This observation/evaluation form should be used to complete observations throughout the placement. Six formal observations of the student teacher are required within the span of student teaching. We ask that you complete 6 for a 16-week placement, 5 in a 12-week placement, 3 in an 8-week placement, and 2 in a 5-week placement. The entire form does not need to be completed for each observation; however, by the end of the placement, each part should be addressed.


Additional Forms:

Cooperating Teacher Information (if not completed in the past three years)

Feedback (weeks 2, 6/7, 10, & 12)
Cooperating Teacher's Final Evaluation of Student Teacher

Cooperating Teacher's Dispositional Evaluation of Student Teacher

Motivation Resources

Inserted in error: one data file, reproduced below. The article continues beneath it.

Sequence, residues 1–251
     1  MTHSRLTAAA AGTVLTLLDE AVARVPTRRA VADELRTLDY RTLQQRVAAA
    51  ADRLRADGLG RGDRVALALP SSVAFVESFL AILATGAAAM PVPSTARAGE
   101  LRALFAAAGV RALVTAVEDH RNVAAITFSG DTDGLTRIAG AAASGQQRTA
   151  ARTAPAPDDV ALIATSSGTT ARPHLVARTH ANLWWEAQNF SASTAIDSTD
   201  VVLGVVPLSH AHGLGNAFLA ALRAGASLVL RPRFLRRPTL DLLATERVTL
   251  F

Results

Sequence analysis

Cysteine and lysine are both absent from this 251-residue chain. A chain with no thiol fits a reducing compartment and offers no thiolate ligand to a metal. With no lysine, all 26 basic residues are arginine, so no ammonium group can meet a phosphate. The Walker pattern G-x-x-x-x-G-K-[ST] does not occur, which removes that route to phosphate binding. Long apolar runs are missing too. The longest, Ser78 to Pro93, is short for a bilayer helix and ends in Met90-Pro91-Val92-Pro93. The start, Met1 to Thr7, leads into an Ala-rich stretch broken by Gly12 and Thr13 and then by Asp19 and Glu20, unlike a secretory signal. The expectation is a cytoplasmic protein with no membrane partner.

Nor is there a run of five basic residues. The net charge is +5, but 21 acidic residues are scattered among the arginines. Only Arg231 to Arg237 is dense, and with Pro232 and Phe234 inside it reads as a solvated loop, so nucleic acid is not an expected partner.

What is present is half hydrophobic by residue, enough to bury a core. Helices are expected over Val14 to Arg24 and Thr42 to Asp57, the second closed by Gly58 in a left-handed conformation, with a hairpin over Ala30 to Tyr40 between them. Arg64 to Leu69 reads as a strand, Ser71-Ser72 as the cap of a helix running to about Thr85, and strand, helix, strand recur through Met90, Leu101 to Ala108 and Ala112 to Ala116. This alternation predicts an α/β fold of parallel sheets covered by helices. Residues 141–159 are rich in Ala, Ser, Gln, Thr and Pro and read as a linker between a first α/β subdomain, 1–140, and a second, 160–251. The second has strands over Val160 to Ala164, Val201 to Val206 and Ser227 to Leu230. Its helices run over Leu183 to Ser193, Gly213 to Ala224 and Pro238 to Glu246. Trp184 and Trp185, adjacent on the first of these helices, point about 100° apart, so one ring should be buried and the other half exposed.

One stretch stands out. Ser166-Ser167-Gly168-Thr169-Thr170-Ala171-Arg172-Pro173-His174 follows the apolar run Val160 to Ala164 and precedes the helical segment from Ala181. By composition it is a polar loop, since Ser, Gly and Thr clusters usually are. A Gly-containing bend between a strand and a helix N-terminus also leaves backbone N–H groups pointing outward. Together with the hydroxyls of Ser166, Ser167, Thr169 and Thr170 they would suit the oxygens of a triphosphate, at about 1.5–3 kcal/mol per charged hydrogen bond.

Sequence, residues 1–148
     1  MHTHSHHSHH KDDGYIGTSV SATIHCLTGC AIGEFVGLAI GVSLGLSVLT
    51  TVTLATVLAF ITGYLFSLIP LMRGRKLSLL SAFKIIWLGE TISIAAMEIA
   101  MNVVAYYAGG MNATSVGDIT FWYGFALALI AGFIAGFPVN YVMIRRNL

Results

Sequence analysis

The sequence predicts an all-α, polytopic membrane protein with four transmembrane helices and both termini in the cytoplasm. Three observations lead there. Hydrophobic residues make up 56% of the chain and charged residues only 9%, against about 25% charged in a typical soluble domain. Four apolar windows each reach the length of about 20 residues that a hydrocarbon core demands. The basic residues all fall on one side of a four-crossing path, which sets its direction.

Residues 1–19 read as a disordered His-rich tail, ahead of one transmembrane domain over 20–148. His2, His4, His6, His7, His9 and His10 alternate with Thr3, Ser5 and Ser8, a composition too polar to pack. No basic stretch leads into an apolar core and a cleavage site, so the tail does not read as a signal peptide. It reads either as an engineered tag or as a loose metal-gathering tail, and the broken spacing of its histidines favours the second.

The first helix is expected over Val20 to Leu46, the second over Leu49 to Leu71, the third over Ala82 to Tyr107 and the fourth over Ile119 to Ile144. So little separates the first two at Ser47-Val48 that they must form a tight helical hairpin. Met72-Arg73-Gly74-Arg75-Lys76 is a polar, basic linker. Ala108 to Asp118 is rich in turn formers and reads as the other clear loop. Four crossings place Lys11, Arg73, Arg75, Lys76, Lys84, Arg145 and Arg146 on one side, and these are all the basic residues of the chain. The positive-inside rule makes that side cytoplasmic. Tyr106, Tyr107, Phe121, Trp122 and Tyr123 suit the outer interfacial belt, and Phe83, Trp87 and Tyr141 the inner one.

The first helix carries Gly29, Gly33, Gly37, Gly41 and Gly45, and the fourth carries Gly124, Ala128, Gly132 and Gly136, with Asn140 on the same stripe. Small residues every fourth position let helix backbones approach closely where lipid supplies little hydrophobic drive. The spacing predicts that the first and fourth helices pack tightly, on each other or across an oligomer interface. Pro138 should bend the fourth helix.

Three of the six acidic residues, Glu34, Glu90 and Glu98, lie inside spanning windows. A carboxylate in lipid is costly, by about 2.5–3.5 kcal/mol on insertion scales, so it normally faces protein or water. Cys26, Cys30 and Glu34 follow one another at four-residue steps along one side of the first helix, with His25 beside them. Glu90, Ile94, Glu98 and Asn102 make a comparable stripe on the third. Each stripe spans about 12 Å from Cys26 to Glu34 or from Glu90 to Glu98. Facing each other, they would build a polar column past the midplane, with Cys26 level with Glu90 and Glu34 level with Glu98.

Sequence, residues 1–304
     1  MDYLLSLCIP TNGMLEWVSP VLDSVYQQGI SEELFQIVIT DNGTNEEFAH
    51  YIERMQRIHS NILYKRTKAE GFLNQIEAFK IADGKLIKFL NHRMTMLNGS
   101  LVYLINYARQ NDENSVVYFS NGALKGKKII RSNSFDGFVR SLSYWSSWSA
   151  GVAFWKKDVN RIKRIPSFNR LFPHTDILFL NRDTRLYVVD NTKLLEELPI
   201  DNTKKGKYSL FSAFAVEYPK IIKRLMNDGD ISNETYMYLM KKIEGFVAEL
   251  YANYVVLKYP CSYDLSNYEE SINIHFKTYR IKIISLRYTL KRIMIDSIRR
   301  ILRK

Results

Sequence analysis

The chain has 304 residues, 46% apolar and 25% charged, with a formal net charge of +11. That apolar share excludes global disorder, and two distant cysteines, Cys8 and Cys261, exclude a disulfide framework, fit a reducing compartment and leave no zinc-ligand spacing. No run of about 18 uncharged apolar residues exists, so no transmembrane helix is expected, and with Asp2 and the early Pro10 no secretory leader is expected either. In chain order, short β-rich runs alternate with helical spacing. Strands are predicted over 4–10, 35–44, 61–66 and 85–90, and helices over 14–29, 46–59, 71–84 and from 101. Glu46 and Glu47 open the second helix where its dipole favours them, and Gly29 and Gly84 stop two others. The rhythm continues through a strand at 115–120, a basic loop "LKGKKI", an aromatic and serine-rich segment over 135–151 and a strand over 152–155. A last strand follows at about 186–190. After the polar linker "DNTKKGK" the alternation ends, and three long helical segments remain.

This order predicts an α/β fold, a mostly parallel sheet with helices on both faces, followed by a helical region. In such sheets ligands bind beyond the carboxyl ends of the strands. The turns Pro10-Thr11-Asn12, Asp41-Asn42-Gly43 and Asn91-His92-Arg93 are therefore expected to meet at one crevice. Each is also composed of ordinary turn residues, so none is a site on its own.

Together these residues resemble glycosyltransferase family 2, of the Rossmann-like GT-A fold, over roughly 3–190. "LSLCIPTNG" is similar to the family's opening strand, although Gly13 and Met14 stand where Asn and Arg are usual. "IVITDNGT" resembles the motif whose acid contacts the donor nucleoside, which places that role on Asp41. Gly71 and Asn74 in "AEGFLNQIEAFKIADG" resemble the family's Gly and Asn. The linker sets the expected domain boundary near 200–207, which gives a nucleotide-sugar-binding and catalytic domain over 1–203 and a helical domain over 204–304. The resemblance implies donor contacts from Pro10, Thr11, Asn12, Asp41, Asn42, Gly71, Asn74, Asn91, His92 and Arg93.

Now, more than ever, teachers are challenged with keeping students motivated to learn. Here are some great resources I have found that might be of assistance in planning and instruction.


TeachThought identifies a quick list of ideas to build motivation..

Larry Ferlazzo shares ideas to help students motivate themselves in this Edutopia article.

Dave Stuart, Jr.'s blog is filled with great motivational ideas such as this micro-primer.

Stuart also offers a guide to building student effort.

Education Week has a series of videos on Youtube that address motivation.



CSB/SJU Education Department

Jennifer L. Meagher, EdD.

Director of Elementary and Secondary Student Teaching


Allison Spenader, PhD.

Chair